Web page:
By state statute, New Mexico schools need to adopt secondary Social Studies instructional materials in time for the 2023-24 school year, with the Rio Rancho Public Schools Board of Education expected to approve a large committee’s decision at an April meeting.
Among that RRPS Social Studies committee’s participants are 36 teachers; they have been meeting since September.
Per the New Mexico Public Education Department, “The social studies standards include six strands: civics; economics/personal financial literacy; geography; history;
ethnic, cultural, and identity studies; and inquiry. Within RRPS, according to Erica Lozano, secondary curriculum and instruction coordinator, Social Studies entails New Mexico History, World History, U.S. History, Human Geography, and Government and Economics.
By the time a student is about to graduate, the PED mandates that Social Studies graduation requirements are stipulated to be “three and one-half units in social science, which shall include United States history and geography, world history and geography, government and economics and one-half unit of New Mexico history.”
“The new Social Studies standards are really shifting from an emphasis on just knowledge the students need to know,” Lozano said, “to the skills they need to demonstrate, that are really centered around what it means to be an analytical thinker, not only what has happened in history but about the different groups to have made contributions to history.”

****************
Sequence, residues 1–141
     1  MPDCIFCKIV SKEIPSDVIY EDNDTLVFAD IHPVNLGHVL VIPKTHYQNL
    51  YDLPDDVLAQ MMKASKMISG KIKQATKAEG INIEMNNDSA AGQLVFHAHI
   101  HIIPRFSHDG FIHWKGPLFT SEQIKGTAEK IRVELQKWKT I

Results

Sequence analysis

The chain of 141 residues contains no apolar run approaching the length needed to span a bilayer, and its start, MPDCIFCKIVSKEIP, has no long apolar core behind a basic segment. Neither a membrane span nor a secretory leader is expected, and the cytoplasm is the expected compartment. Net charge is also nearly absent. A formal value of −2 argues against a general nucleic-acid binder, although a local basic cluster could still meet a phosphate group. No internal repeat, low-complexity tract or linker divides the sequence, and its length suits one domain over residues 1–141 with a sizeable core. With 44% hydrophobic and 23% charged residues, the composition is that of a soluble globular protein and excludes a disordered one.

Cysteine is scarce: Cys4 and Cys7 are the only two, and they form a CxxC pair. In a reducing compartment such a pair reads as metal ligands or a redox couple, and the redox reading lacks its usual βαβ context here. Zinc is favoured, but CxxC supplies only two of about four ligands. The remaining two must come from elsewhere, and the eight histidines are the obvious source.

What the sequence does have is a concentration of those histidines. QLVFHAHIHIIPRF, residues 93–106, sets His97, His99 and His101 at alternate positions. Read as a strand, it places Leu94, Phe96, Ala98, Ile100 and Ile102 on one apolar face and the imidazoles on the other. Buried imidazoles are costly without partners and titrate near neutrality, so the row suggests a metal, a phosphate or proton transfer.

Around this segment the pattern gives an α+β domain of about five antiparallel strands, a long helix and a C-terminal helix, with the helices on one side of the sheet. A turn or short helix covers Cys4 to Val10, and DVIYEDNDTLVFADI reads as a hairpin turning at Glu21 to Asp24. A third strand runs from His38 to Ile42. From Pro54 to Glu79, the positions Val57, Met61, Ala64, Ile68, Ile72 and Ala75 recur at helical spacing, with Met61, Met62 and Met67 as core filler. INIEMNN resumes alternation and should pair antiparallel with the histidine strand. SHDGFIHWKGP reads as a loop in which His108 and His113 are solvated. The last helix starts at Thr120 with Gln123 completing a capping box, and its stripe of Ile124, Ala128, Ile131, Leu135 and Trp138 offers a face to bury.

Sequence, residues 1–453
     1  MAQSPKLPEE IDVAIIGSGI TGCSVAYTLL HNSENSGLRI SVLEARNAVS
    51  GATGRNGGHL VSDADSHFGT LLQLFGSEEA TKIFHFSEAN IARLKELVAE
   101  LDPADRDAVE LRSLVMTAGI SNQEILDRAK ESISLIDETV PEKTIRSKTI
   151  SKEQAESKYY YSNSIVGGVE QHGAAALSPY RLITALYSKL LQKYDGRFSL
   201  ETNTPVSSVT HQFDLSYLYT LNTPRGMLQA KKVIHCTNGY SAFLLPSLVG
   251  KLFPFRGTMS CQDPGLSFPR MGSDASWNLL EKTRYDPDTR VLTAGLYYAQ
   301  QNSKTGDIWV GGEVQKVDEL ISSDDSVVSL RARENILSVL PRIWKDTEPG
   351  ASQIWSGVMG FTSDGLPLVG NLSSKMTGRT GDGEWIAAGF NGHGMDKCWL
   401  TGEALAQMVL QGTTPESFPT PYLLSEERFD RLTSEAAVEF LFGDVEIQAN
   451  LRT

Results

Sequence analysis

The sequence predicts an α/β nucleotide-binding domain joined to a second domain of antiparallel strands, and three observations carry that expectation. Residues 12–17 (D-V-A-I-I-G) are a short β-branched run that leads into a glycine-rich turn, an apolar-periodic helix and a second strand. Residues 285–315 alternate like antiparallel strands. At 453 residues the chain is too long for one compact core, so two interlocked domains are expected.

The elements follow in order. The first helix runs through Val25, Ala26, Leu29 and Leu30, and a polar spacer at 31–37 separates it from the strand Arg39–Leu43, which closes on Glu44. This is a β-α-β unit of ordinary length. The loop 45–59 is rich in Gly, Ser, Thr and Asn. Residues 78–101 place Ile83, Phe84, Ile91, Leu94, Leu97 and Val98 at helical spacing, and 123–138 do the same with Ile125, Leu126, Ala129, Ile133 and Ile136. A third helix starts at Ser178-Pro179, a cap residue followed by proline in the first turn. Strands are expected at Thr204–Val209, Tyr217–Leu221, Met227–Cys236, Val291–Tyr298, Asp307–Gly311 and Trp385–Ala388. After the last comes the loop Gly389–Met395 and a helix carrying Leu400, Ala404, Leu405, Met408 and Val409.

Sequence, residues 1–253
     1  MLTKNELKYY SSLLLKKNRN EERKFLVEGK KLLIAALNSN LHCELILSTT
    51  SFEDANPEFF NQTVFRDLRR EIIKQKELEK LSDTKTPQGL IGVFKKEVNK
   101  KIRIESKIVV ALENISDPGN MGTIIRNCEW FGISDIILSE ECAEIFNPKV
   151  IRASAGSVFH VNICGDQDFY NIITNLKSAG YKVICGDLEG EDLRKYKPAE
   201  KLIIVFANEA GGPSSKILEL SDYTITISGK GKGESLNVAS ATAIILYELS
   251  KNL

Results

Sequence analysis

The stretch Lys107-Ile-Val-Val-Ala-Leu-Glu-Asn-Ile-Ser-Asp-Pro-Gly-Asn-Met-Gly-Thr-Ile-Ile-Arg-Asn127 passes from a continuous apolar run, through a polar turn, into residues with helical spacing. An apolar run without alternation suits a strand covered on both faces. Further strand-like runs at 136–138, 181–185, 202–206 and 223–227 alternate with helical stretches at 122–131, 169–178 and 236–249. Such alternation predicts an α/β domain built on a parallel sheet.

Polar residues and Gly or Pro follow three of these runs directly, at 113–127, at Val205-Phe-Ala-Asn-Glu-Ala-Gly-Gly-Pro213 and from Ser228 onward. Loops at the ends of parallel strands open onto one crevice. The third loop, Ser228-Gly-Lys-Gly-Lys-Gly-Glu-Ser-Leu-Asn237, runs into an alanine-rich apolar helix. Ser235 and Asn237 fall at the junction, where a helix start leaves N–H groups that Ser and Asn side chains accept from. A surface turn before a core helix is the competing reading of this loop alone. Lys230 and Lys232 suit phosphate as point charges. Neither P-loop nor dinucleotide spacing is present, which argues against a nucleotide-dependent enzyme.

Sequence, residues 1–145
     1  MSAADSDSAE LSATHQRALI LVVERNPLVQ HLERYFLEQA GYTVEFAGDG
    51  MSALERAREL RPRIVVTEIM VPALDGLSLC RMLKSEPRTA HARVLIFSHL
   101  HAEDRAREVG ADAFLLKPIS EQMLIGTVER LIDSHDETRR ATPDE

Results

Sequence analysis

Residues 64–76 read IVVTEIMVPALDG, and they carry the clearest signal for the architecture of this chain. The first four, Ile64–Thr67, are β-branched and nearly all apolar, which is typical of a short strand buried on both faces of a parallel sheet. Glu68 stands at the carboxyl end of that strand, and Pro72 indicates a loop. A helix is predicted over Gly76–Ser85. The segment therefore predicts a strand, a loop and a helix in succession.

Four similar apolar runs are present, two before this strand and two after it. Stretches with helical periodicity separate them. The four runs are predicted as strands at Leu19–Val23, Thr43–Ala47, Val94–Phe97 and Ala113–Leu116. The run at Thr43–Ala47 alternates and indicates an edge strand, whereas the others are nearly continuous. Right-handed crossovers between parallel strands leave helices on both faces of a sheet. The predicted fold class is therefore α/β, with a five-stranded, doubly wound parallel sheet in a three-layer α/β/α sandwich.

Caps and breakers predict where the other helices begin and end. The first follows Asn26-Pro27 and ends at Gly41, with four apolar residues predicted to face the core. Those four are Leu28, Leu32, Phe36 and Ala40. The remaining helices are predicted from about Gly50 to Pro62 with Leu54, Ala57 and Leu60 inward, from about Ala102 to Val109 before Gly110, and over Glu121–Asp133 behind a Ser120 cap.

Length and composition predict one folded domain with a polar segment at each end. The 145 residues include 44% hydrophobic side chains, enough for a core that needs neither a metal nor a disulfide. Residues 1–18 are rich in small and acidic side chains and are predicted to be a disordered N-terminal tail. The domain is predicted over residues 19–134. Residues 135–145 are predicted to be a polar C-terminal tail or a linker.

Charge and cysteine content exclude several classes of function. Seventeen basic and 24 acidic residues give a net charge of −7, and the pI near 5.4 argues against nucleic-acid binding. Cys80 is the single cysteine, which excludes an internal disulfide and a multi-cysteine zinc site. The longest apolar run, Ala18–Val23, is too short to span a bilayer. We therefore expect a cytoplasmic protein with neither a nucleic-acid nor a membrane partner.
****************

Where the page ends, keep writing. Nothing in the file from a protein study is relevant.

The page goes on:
It’s not really as much about remembering – as many of us recall, “In 1492, Columbus sailed the ocean blue” – but now, she said, more “skills-based … the standards really emphasize what students have to analyze, evaluate, critique, as they look at what has happened throughout the course of history.”
As an example, “They might look at, in U.S. History, the contributions the different groups of Americans made during the (World War II) period. … Like what contributions women made during World War II.”
High school U.S. History, she noted, starts in 1865, with the start of Reconstruction.
Students in RRPS get these courses at different times in school, such as New Mexico History being taught in seventh and ninth grades, U.S. History in eighth and 11th grades, said Lozano.
More parental involvement is sought by the district, although it’s possible parents aren’t sure what constitutes “Social Studies” in the 21st century, compared to what was Social Studies when they were students.
One way this input is sought is through monthly virtual meetings, the first of which takes place Nov. 9 from noon to 1 p.m., when parents and other interested individuals can “explore new topics related to middle and high school social studies standards and instructional materials.”
The New Mexico Public Education Department has a list of instructional materials each district may choose from, and as the committee eliminates a choice, the selection is narrowed down.
Keep in mind, the textbooks chosen basically serve as a map, with teachers in those disciplines able to take detours along the way.
Or, as Superintendent Sue Cleveland said, “We don’t teach the book, we teach the standards,”
The state’s Social Studies standards and more information regarding input may be found on the district’s website (rrps.net).